weeks ago under price, hence. Instead of
$6? what they're really worth?to go for
New golf capes.
for ladles' .golf pis Id-hack
capes; some of them fring
ed; some of thein stitched;
some with hoods and some without; they
were bought to be sold for $12; they are
not sold elsewhere unier $15.
Neck scarfs, $3.98.
300 skunk opossum neck scarfs, with six
marten talis; which were bough: to sell
for $5.98, will be ready for selling tomor
row at $3.98.
63 reefers, $2.98.
Sixty-three children's reefers; made of
novelty cloth. In newest effects; sizes 6 to
16 years; when bought In the regular way
J- to be sold for $4; choice of these 63
Collarettes, $9.98.
2(10 handsome collarettes, with 1'eralan
lamb yokes and with collars and edging of
maiten fur and trimmed with msrtenTails
and satin lined; which are the usual
917.50 valuea. to go for $9.98.
Hec it and Company,
S13-515 Seventh Street.
balls?Off I^eever. 2; off Kit son. 1. Struck out?By
Leever 4; by Kltsoe. 2. Wild pitch?Kitson. Um
pires?Messrs. N wart wood and Hurst. Time of
game?2 hours. .
Movements of Naval Vm??U.
The battle ship Texas has been ordered
out of commission. The colliers Pompey
and Leonidas, now at the League Island
yard, and the Hannibal at Norfolk, have
been ordered prepared for service. They
will be equipped w^th merchant crews. The
flagship Brooklyn, with Admiral Remey
aboard, arrived at Nagasaki today on her
way down to Manila. The Adams has left
Siftn Diego for Magrtalena bay The survey
ing ship Ranger Is at the Mare Island yard.
The Wilmington sailed today from Pernam
buco for St. Vincent. The Yankton has
?ailed from Portsmouth for Newport.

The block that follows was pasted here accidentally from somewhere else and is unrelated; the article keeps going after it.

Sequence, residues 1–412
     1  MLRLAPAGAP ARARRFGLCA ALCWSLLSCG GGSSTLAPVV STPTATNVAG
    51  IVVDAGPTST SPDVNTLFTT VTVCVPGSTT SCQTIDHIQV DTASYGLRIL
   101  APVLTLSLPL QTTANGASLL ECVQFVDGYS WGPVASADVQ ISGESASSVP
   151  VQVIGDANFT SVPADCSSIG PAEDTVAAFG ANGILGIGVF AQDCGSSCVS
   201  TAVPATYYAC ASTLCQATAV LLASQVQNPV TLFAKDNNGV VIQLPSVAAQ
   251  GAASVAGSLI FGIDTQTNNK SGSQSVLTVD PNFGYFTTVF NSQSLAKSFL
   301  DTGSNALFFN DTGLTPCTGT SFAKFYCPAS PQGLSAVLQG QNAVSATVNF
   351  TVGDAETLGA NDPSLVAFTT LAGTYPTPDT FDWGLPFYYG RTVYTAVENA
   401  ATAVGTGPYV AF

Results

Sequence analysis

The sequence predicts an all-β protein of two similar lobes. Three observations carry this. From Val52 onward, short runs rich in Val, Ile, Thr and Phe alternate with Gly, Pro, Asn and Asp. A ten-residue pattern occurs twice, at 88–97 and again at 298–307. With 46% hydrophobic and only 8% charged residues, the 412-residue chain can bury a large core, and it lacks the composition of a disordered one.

Why Not Try a Pair of
Perhaps you
have worn shoes
for the sake of
style ? enduring
tortures in
fit for
for easy fitting
qualities? "Foot
Form" models,
but not at the
sacrifice of style. The "Diamond
Shoes" for ladies are the most stylish
models brought out this year.
Little Rock
"djood Wear Shoes"
bend like nut
women'* ihmi Oak tanned soles make* them
"i'?r welh Wide t?es?smooth Inside extension
soles and moderate prices.
7 TO Jftli $1.50 2Vj t<i $2.00
11 TO 2 vl-/Oj PER PAUL
C. P. Langlloiis,
SEllSt. 13th & F Sts.
' RUBBER HEELfc furnished
AND PI T ON. 25c.
to bum.
Portables ?
to give light. &
Andirons f
for the cheerful hearth fire. <?
Oil Stoves
for heating any room.
& Co.,
% 616 12th. 1204 G.
y A Chimney for every Ump.
?> A Lamp for every use.
?> 80 sizes i>f Lamp Wicks.
t " t
The Evans Dental
Established 1880,
1309 F Street N. W.
iJranrh Office, 307 7th street n.w.
001 14tf
The Honor
of receiving the only
Gold Medal
for Amerlrsn champagne
awarded at Parts rcata
The pleasure of drinking
this highest grade wine
(-au be yours at little cost.
Rhelms, N. T.
Sold hy all respectable wine dealers.
Are suffering agony with bunions, corns, in
growing and club nails when we can give
Instant and permanent relief; cure guaranteed.
Our shields are Indorsed by the m-'St eminent
physicians. Sold by tirst-elass druggists.
PROF. J. J. GEORGES & SON. Foot Specialists,
1115 pennsylvania AVENUE.
Honrs?8 a.m. to 6 p.m. Sundays. 9 to 1 oc5-10d
PLl'SII I .up K>>l>es such as we are show
ing are a comfortable toverlng for
these chilly nights and m< rnlngs. We
have Fancy Plush Robes la attractive
variety and reasonably priced.
LUTZ & CO., 497 PA. AVE.
Saves the Carpets.
Before putting your car
pets down line them with
economy t- use this lining, v^;
to tE
as it is cheap and adds greatly l<- tLe wearUK
I qualities of tble carpeta.
J. T. WALKE I SONS. 204 loth st. Phone 741
OC16-12U -
Use Only Sexton's
Latrobes, Furnaces and Ranges.
They Are the Most Reliable.
For Sale by Aii Dealers.
Cleans Suits or Overcoats for
? /v let CS DEMONSTRATE our
wnl ability to CLEAN or dye TOUB
overcoat or garments Our years
of experience and careful st idy !'??
taught us the best methods. Drop
< \ postal or 'phone.
709 9th, 1407 14TH I 'Phone
ST. * 328 PA. ave. 8.E. j 1162.
OfllO*? WE DYE EVERYTniNO that la
^US5I DYEAIILE?of any siae or qnatlty. -
CarpetS, Experienced, careful work. (E?
tabllahed 1831.) DROP POSTAL
uortieres. for our wagon.
B. E. WHEATLEY. loflH Jefferson av.,Georgetown.
Ring up ' f^hone 772 foH
C. Auerbach, 7 <& H.
fiOc. a day.
Try our $115
Domestic Agency.
Gaanint??ed Machine*. ?
Send postal. Trial free. ?